TS: We did, and David knows Terry, and we both try to impersonate him sometimes, because he’s an interesting guy. (laughs) He’s somebody we’d talk about a lot, because he’s someone we both respect — and have all good things (to say about), and strive to be like.

ShockYa: What’s the key, then, to a good Terrence Malick impression?

TS: “Uhh, uhh, uhh, uhh, uhh, uhh… uhh, uhh.” (laughs) He just has this thing where he says “uhh” a lot. But he’s a really, really smart guy — really witty, too. He blows my mind.

ShockYa: Take me back to that audition process for “The Tree of Life,” then, because it wasn’t like you had a lot of experience with TV commercials or other acting as a kid. It was just an open casting call, right?

TS: That was it, yeah. They’d just put a casting call out that went through and recruited 10,000 kids to go out and audition. I got a letter in the mail and I thought, “You know, why not go to this audition — I could be in a movie.” So I went to it, not really thinking that much about it, and I ended up going to several auditions — probably like 10 or 11 callbacks before I got cast. And it was cool. It’s funny how one event can change your whole entire life, because I think how if this wouldn’t have happened to me then I don’t know what I would be doing right now, or even be interested in.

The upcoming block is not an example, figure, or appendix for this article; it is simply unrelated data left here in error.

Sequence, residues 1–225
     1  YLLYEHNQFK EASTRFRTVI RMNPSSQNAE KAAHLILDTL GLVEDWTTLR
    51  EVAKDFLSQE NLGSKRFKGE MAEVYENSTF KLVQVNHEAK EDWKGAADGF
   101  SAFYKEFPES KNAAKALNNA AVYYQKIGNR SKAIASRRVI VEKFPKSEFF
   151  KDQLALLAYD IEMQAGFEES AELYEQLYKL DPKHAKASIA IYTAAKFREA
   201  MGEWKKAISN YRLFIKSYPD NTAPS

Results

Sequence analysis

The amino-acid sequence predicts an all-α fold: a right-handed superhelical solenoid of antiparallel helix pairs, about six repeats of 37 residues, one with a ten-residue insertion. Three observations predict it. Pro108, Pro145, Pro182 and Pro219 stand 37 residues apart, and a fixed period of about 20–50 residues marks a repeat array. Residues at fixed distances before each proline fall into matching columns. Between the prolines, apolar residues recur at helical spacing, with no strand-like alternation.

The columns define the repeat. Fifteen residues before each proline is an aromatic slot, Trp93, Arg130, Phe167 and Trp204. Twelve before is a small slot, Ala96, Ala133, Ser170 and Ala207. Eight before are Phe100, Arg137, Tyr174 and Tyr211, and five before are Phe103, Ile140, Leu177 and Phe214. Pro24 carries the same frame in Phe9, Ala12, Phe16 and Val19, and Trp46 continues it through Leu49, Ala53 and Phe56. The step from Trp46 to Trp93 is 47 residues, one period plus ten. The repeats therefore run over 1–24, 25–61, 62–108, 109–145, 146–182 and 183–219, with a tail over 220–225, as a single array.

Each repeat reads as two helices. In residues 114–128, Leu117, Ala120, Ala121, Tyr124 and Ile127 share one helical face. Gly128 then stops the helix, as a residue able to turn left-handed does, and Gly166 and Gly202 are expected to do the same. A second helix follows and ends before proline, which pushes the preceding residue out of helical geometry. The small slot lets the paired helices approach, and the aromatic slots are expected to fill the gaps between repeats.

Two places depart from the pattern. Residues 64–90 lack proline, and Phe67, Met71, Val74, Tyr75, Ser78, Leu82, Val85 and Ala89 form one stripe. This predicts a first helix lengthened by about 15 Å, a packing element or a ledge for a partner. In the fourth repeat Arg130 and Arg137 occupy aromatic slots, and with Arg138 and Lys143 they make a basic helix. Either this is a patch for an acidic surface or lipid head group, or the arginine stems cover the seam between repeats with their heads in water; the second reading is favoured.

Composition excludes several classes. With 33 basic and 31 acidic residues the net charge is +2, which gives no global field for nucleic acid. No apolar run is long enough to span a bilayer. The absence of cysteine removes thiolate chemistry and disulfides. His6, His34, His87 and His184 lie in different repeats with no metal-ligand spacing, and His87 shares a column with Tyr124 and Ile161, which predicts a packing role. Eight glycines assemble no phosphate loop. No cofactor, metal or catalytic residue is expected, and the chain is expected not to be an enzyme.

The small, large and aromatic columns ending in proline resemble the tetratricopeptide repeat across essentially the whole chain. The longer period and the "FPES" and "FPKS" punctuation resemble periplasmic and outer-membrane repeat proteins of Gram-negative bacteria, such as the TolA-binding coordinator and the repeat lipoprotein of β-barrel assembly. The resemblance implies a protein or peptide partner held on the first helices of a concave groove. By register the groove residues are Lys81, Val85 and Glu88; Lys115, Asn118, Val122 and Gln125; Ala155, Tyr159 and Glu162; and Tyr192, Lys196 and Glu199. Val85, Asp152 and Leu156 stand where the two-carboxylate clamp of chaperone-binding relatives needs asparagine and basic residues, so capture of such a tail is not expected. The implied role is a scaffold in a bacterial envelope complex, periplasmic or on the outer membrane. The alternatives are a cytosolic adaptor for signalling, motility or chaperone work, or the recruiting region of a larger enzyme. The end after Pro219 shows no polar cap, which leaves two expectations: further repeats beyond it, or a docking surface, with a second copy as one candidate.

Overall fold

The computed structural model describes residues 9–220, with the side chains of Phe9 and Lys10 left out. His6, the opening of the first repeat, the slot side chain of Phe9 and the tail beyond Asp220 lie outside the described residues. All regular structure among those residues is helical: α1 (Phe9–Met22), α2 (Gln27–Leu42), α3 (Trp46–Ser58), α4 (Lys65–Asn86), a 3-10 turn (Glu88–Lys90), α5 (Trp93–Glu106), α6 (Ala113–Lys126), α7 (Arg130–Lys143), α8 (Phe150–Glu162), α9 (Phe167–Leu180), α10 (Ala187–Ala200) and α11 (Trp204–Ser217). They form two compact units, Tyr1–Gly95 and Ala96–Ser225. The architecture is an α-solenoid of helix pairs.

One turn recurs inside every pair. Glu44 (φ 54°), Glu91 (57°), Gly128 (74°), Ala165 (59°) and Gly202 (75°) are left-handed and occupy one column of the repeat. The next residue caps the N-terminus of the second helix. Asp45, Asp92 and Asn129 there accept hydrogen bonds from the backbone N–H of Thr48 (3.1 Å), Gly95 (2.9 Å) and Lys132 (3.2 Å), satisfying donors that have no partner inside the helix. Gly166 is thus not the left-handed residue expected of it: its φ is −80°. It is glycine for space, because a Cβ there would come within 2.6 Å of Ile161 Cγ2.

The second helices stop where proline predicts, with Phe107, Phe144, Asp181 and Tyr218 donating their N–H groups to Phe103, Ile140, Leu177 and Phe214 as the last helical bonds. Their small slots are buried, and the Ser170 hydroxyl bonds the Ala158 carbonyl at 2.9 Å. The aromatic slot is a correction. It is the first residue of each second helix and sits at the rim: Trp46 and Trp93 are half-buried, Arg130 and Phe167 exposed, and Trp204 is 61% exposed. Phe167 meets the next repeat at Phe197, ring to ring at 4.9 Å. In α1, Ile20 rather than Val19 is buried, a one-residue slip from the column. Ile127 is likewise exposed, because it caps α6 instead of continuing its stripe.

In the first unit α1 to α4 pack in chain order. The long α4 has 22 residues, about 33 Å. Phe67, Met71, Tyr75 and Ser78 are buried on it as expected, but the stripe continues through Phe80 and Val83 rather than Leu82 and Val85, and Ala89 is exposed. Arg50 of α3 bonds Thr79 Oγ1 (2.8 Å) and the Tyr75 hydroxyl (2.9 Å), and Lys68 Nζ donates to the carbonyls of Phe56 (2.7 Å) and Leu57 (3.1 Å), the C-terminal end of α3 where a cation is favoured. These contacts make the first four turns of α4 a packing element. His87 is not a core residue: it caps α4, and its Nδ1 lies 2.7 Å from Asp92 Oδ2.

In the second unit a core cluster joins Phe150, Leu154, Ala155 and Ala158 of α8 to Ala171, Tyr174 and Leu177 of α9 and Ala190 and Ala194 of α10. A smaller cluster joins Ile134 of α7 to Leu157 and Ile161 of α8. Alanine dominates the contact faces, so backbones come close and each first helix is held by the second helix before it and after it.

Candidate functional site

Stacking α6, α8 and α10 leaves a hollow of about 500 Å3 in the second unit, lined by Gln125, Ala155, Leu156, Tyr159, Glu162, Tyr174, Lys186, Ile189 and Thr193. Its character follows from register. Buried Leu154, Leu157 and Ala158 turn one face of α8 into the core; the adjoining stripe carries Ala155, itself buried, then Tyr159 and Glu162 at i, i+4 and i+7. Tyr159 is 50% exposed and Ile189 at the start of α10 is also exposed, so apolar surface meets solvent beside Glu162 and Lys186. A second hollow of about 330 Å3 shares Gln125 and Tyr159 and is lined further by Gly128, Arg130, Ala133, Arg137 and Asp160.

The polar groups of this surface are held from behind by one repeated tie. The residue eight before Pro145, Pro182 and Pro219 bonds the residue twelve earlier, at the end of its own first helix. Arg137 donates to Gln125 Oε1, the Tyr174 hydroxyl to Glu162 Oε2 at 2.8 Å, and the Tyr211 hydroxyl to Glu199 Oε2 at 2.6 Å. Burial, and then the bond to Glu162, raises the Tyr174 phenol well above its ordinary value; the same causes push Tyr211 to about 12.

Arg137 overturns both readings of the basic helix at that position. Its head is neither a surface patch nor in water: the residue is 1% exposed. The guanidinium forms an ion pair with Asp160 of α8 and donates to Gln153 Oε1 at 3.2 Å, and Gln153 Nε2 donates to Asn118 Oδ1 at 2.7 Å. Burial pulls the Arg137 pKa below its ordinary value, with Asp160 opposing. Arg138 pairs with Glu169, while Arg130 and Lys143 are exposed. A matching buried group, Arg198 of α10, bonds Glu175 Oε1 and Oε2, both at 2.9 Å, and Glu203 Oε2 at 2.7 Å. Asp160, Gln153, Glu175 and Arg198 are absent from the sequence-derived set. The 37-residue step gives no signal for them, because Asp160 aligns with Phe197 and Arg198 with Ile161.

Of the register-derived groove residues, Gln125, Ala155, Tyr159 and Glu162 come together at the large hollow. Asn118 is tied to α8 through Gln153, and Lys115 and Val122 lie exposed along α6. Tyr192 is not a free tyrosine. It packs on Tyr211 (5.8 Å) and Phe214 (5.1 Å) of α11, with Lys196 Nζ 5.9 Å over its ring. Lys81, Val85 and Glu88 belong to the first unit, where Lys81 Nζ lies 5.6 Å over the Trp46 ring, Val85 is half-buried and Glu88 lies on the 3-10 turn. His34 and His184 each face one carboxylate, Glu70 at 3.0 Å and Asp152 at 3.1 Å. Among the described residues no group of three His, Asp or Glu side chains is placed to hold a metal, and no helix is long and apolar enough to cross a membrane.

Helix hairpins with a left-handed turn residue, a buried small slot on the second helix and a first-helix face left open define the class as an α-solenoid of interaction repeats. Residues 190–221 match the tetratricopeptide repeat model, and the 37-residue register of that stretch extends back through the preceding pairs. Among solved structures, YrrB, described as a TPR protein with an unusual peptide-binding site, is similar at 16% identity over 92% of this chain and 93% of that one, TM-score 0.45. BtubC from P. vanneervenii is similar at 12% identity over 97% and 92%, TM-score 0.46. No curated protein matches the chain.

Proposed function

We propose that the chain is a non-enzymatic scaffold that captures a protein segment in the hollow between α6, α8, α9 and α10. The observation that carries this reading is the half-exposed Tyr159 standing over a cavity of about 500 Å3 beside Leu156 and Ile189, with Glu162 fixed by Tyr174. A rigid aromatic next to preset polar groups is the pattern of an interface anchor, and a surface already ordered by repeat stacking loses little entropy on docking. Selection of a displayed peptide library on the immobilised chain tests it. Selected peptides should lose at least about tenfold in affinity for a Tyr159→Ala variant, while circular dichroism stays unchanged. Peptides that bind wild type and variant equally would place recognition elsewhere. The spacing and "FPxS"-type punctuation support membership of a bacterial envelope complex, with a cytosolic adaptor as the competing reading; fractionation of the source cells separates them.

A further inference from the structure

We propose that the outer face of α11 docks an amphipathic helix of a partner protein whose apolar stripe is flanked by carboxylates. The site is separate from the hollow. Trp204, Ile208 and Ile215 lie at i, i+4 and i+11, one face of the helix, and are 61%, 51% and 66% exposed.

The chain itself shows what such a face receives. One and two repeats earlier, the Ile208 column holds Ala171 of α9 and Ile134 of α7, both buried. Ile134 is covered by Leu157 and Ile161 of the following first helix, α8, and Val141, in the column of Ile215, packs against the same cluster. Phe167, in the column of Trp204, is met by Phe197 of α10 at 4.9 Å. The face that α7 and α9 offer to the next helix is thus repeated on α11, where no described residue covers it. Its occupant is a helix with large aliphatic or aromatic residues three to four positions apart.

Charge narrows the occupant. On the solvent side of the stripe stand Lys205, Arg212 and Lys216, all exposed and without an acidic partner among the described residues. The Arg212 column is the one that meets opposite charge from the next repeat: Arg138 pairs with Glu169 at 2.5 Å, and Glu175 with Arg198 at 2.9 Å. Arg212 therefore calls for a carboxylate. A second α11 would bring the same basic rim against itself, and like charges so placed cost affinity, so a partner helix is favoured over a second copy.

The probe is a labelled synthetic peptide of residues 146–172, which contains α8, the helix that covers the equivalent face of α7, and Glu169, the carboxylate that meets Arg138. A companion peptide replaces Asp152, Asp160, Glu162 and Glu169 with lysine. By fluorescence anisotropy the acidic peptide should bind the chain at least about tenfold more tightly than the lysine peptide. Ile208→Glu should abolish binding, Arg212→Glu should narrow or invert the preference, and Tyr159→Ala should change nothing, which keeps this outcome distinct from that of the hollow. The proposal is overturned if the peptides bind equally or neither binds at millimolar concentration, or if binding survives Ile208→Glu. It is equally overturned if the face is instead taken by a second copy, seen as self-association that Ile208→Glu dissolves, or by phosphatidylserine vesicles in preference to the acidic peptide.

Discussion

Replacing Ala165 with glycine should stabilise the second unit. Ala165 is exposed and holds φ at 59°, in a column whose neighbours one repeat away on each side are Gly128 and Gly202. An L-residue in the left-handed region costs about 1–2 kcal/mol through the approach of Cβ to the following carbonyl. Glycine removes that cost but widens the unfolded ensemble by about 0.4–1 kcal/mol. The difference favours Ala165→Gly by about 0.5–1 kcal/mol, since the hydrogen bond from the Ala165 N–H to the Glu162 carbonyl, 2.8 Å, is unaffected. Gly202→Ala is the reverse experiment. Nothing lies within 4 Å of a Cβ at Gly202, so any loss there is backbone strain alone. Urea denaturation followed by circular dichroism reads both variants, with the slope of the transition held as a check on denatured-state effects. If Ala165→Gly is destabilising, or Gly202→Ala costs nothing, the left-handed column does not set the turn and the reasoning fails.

ShockYa: In the film’s press notes you make mention of the fact that your character, Gary, is obviously completely different from you — he’s rootless, and you have good parents and a stable home life. You still live in Texas. Do you feel like there’s still real value to just being a normal kid, going to a real high school, having friends?

TS: There absolutely is. I feel like you have to live your own life outside of this (movie) world, because if you don’t have any experience in real life then you don’t have anything to pull from and incorporate into some of your work. So both I and my parents have always felt like it was very important to live a normal life, and that’s why I still live in Texas to this day.